March 5, 2008: Could Be Worse

The situation is not exactly wonderful , but truly something much worse than what we’re seeing right now might have developed.

Condoleezza Rice has left. After meeting with Tzipi Livni today, she held a press conference, at which time she announced that Abbas has agreed to return to the negotiating table, although it is unclear as to when he will actually meet Olmert again.

I had written at some length yesterday about how he likely didn’t want to return in any event, and the pressure that was put on him by Hamas and the radicalized environment made it very difficult for him to sit with the Israelis. And yet…

It’s clear that he was greatly reluctant , if, even in Rice’s presence at their joint Ramallah press conference, he didn’t agree to negotiate. He held out, I would guess, for all he was worth. But in the end, what has euphemistically been referred to in the press as a "lobbying effort" by the US went into action after he had declined to cooperate to further that peace process.

I would say (without inside knowledge) that it went something like this: "You know the millions of dollars we’re about to give you? And the military and governmental technical assistance? And all the rest? You can kiss it goodbye if you don’t do your part here."


What remains significant is that Rice made it very clear that Abbas’s return was not predicated on a ceasefire in Gaza, with Israel committed to taking no further action. This means we did not cave. Undoubtedly, we’ve been told to cool it, and most certainly Olmert will make efforts to do just that. But the principle of our right to defend ourselves stands strong in the understanding between the US and Israel.

What we’re likely to see in the short run are operations that are smaller than the one in the north that caused the furor in the last few days. Last night, for example, IDF troops from an elite unit entered Gaza, covered by helicopters, and possibly aided by tanks as well, for what has been termed "routine activity." There was a gun battle, and a senior Islamic Jihad figure was killed and several other IJ gunmen wounded. The troops have already left Gaza.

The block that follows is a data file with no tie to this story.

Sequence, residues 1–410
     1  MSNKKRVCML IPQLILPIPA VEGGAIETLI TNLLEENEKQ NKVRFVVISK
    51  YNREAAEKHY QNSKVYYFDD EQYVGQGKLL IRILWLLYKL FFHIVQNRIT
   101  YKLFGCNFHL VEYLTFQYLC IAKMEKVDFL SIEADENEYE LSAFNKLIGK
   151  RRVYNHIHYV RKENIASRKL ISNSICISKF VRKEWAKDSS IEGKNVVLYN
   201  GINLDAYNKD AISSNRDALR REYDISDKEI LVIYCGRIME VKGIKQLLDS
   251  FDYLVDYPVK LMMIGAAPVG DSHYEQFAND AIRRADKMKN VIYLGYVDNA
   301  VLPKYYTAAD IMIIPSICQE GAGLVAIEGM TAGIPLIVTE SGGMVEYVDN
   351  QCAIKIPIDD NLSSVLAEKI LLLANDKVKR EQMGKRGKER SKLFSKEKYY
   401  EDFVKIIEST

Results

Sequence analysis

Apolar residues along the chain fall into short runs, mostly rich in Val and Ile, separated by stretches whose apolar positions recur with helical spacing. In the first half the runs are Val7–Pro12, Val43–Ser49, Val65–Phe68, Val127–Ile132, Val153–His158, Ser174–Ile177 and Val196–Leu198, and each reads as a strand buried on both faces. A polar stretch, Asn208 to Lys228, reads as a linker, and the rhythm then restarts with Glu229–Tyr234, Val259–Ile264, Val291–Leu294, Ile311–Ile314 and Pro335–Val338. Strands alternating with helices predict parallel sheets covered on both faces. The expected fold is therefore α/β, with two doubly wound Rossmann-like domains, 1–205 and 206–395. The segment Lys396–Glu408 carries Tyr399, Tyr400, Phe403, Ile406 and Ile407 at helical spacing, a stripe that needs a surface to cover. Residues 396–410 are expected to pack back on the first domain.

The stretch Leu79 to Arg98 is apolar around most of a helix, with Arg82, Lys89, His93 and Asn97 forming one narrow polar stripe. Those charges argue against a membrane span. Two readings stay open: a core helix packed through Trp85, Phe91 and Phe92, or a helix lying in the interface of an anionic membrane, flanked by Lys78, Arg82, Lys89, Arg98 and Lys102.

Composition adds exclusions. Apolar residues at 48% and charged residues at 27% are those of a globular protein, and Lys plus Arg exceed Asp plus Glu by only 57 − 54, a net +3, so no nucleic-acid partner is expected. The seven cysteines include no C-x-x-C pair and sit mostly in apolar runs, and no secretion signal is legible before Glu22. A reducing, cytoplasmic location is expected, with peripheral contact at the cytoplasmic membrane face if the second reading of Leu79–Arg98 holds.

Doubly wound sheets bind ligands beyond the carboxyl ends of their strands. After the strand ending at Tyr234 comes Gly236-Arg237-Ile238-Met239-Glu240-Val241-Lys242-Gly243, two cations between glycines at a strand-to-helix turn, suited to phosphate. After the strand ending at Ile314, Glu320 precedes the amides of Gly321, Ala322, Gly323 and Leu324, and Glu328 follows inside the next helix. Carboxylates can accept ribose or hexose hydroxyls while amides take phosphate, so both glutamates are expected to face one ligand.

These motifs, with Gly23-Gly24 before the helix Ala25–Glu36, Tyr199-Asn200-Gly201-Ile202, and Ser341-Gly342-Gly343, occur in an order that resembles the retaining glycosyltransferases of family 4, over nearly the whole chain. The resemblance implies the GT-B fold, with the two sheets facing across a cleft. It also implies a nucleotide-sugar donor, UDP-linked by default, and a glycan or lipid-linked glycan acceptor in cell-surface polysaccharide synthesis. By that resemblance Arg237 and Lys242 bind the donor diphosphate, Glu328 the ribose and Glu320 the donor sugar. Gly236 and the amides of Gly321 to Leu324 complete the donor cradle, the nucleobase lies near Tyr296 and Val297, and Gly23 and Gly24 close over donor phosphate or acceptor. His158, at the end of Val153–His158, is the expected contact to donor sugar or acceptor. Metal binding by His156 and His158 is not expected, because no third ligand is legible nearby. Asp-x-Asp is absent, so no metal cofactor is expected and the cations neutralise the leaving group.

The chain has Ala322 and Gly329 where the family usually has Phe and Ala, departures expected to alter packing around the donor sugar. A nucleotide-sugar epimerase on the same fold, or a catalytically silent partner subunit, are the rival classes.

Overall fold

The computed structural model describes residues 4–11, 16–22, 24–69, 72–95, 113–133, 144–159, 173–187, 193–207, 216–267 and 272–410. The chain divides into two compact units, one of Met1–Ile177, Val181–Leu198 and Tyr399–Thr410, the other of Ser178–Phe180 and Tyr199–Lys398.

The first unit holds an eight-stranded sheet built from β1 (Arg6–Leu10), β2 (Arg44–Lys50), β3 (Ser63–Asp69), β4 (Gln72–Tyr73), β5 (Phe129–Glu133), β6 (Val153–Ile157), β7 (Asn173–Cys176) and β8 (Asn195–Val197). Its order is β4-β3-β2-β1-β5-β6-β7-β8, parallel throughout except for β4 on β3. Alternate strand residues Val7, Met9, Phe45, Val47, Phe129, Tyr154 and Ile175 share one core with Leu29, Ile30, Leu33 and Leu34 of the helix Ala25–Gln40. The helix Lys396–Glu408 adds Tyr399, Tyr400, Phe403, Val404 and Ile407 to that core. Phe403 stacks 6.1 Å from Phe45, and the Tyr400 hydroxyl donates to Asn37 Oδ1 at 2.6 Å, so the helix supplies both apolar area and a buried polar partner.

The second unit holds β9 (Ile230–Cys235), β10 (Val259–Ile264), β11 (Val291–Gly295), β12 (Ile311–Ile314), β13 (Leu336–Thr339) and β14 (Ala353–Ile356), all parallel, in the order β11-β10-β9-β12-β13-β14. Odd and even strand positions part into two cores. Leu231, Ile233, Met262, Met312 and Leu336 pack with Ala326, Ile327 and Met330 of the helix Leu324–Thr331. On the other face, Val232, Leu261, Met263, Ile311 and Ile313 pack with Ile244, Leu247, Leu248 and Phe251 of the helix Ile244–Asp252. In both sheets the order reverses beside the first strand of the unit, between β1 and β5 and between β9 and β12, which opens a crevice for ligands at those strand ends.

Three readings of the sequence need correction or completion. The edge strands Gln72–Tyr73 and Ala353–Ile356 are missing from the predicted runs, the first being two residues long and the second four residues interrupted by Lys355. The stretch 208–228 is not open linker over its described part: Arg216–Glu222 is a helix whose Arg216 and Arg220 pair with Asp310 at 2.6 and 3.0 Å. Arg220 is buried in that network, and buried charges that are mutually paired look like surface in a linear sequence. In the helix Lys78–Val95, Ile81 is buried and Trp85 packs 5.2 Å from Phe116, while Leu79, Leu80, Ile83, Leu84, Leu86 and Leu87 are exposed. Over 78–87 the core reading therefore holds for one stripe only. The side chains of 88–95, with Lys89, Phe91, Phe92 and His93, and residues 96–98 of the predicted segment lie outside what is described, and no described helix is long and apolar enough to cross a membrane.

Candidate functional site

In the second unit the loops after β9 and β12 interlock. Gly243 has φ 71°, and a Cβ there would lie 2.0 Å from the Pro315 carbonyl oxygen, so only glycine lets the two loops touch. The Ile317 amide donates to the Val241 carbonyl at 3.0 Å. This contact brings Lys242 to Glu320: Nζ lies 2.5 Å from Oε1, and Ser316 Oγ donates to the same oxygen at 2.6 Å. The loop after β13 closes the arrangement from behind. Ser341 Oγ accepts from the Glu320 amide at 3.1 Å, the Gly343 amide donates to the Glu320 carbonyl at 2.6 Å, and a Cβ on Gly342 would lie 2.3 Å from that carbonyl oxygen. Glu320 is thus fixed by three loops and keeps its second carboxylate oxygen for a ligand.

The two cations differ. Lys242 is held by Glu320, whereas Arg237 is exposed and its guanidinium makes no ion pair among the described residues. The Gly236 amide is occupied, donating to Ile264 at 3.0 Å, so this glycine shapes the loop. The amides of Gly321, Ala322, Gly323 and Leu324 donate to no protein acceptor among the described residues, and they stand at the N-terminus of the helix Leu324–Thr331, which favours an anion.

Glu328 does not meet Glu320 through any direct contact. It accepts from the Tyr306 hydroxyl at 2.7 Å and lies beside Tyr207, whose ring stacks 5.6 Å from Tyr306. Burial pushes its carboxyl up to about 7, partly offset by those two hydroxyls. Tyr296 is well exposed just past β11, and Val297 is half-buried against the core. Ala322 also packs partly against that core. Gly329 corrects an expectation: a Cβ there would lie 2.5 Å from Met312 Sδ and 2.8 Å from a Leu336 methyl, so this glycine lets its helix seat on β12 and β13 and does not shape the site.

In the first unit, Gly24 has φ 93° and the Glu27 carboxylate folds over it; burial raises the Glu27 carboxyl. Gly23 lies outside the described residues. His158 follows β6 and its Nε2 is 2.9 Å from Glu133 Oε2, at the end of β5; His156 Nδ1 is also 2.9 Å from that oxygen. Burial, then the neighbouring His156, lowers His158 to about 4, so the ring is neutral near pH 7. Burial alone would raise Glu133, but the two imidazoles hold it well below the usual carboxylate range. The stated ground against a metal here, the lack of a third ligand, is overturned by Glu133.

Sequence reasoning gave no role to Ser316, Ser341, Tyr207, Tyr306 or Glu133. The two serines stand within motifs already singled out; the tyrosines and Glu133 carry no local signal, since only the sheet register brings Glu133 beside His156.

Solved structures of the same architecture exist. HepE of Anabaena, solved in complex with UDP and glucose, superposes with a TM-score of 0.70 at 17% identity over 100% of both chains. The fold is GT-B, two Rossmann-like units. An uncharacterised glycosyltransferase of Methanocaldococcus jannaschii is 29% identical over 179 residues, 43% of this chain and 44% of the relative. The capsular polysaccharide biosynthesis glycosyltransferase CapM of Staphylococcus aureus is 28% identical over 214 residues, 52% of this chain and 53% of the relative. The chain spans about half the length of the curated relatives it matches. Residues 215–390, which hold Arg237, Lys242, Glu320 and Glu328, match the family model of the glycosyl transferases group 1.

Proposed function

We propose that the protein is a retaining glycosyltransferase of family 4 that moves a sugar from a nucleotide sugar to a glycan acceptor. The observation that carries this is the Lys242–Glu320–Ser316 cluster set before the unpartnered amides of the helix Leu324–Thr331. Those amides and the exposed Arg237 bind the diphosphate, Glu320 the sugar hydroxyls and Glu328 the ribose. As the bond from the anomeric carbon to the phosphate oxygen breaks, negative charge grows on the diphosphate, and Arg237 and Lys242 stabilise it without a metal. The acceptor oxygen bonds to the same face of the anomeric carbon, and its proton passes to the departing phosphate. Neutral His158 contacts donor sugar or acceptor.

The bad news is that Abbas is still trying to pressure Israel for further concessions, and to use the US to do it. Thus Rice has agreed to send in Lt. Gen. William Frasier III next week, to "prod" the process.


My prediction is that in spite of this cooling it, and what will be Olmert’s best effort in this regard, the situation will heat up again before terribly long. The fuse of the Israeli people is short at this point. If there are extensive rocket attacks that do significant damage, or that reach even further than has been the case until now, Olmert will be forced to act aggressively, or he will lose his coalition.

And the good news is that he now has sanction to do so. Act aggressively, that is. (See the next item.)

What is more, once we ratchet up our activity in Gaza, Abbas will be constrained by the situation and will refuse to negotiate.


The Security Cabinet meet today and this is what they determined:

A. The State of Israel will act continuously and systematically in order to achieve the following main goals:

* To bring about the cessation of rocket fire and other terrorist actions from Gaza;

* To reduce the strengthening of Hamas , including in coordination with – and by – Egypt;

* To advance the negotiations process with the Palestinian Authority while maintaining freedom of action in the struggle against terrorism;

* To strike at the Hamas regime in Gaza;

* To avoid a humanitarian crisis in Gaza , to the extent that the matter depends on Israel;

* To expedite action on the home front, as is being carried out by the Government and as was presented at the 24.2.08 Cabinet meeting;

* To maintain the legitimacy of, and freedom of action in, continuing to strike at Hamas; to this end, diplomatic and information efforts vis-a-vis the international community will continue.

B. The action policy for achieving the aforementioned goals may include the
following actions (among others):

* Action against launch areas and striking at projectile weapons’ support network of activists and knowledge, and production and storage facilities, and against other military and infrastructure targets.

* Action against Hamas institutions in the Gaza Strip. The targets will be approved by Prime Minister Ehud Olmert, Defense Minister Ehud Barak and Foreign Minister Tzipi Livni.